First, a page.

The licensing issues are between you and Microsoft (we don't do that here).

From a technical standpoint what you're proposing seems sound, though I would also suggest you consider this configuration:

  • Install QuickBooks on some server you can reliably back up; Store the QuickBooks DB there.
    (I'm not a fan of Azure/Snapshots for backups by the by - you want real, reliable backups that you have control over in case Azure goes away and you need to recover to a physical box in your office...)

  • Install QuickBooks client software on the users' workstations.
    This avoids the remote desktop licensing, but it means you need to keep all the workstations up to date.

Another option to consider to avoid the server issues entirely is QuickBooks Enterprise Hosting Solutions - basically this is "QuickBooks Online for the Enterprise customer" & equivalent to what joeqwerty suggested but I believe you get all the Enterprise features/functionality (you'd have to check that with your Intuit rep though).

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Great answer - thank you. I'll investigate QB Enterprise Solutions. – nlh Mar 18 '14 at 21:53
@nlh I haven't investigated QB Enterprise Solutions much myself except enough to know it exists, but it sounds like a good fit for the scenario you're describing (if it lives up to its description). I would inquire as to the ability to export/back up your data to some media under your control though - a little paranoia never hurts :) – voretaq7 Mar 18 '14 at 21:58

There are probably too many possible solutions to list here but I'll list one. Since you've looked at Azure it sounds like you're OK with putting your QB "in the cloud":

Migrate to QuickBooks Online and alleviate the burden completely.

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Great suggestion, and something we're looking at. I would loooooove to be able to do that simply, but alas QB Online isn't the same as QB Desktop, and there'd be a switching cost in terms of time and re-training. Without question the long-term answer is either QB Online or one of the newer offerings (i.e., but for right now, I need to keep the same software in a familiar enviornment (i.e. Windows). – nlh Mar 18 '14 at 0:23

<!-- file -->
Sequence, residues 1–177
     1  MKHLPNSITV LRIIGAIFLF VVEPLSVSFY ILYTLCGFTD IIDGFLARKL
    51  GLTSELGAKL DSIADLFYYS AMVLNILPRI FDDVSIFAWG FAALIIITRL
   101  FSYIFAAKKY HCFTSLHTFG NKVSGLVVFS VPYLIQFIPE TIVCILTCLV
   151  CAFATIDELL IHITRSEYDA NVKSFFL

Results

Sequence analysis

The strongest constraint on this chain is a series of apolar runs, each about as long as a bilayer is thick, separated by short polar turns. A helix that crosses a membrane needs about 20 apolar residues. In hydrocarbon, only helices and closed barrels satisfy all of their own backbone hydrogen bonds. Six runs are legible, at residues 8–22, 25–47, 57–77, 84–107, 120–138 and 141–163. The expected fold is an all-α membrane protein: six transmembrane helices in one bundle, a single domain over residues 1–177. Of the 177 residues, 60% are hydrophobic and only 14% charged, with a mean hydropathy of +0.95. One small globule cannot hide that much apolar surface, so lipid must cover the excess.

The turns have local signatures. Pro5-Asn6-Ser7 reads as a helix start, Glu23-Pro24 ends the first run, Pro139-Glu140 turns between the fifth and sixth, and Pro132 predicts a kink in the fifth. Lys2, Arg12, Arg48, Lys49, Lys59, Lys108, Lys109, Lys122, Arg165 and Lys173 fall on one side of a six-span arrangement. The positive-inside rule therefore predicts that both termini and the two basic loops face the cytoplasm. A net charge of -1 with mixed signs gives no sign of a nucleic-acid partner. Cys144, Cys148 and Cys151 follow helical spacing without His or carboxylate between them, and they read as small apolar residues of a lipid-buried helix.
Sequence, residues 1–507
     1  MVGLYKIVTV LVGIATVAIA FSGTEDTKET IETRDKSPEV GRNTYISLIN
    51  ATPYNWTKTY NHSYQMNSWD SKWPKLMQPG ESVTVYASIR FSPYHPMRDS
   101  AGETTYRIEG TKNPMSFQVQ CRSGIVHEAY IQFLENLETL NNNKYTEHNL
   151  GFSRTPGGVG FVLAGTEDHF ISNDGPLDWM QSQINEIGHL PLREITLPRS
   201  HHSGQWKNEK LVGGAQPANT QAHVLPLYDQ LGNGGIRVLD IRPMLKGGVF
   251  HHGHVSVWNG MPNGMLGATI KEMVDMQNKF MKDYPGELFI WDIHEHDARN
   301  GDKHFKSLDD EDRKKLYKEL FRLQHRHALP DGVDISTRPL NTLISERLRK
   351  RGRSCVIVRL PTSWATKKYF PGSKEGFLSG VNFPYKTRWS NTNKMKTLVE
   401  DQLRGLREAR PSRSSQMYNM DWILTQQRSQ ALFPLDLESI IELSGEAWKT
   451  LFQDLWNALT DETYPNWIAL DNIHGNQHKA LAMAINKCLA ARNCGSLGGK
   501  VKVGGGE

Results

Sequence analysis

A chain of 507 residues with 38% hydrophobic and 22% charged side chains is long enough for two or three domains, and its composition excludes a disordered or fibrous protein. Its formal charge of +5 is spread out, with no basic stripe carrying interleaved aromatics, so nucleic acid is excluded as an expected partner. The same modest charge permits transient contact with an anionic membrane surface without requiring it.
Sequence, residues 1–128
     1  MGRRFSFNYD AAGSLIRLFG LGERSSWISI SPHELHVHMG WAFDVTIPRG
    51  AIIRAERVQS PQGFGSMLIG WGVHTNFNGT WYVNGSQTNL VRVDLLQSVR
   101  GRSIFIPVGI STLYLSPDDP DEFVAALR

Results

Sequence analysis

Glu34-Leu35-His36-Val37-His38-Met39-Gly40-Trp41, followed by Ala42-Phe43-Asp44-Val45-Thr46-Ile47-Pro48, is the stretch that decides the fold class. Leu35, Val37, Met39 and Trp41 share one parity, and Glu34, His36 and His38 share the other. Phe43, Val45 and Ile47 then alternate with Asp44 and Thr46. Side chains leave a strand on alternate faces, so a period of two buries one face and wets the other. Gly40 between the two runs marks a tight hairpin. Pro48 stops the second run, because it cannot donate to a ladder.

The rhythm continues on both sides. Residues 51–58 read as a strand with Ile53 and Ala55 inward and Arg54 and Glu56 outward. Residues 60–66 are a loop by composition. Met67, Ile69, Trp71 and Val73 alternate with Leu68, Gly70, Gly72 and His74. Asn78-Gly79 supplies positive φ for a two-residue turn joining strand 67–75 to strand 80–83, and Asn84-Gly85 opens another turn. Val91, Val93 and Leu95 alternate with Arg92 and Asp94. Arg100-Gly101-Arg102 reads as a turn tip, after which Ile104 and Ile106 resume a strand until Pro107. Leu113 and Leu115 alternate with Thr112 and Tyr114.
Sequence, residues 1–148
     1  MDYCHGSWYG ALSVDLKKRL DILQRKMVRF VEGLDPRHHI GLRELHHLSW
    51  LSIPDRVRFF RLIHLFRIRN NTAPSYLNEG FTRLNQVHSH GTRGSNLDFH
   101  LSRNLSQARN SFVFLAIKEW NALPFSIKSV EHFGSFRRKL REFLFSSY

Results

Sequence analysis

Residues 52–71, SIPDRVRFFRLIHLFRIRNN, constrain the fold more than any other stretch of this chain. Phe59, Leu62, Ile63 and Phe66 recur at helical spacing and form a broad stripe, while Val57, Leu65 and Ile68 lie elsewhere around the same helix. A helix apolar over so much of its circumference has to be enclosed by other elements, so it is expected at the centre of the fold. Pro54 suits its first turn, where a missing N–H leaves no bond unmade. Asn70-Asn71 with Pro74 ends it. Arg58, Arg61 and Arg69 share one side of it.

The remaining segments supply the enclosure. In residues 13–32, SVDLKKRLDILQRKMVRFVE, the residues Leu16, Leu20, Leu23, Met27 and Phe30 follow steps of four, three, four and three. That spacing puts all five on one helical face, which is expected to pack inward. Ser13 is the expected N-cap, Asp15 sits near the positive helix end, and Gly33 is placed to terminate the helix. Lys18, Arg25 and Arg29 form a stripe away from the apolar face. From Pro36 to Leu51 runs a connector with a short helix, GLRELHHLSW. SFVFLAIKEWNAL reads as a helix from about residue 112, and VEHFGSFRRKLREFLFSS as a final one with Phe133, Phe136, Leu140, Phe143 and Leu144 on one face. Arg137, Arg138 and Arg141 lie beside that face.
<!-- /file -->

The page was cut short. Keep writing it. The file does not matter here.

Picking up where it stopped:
The QB Online versions don't offer Enterprise functionality. It's quite a big difference... – Chris S Mar 18 '14 at 17:14

Currently Azure doesn't allow RDP hosts. This is purely a licensing issue. You can actually set one up, and it will work, they just don't allow it (again, at this time... there's been talk of this changing, but they've been talking since Azure was in beta).

There is a QB Enterprise Hosted solution available, through Right Networks. It's exactly what you're doing now, they send you a RDP connection file and your accountants login to a RDP session. It is a bit pricey, currently $55/mo - you can get the first year cheaper when Intuit runs sales. If you're interested I highly recommend contacting a local QB ProAdvisor. Make sure they're certified in Enterprise (preferably the version you use, though it changes little from year to year).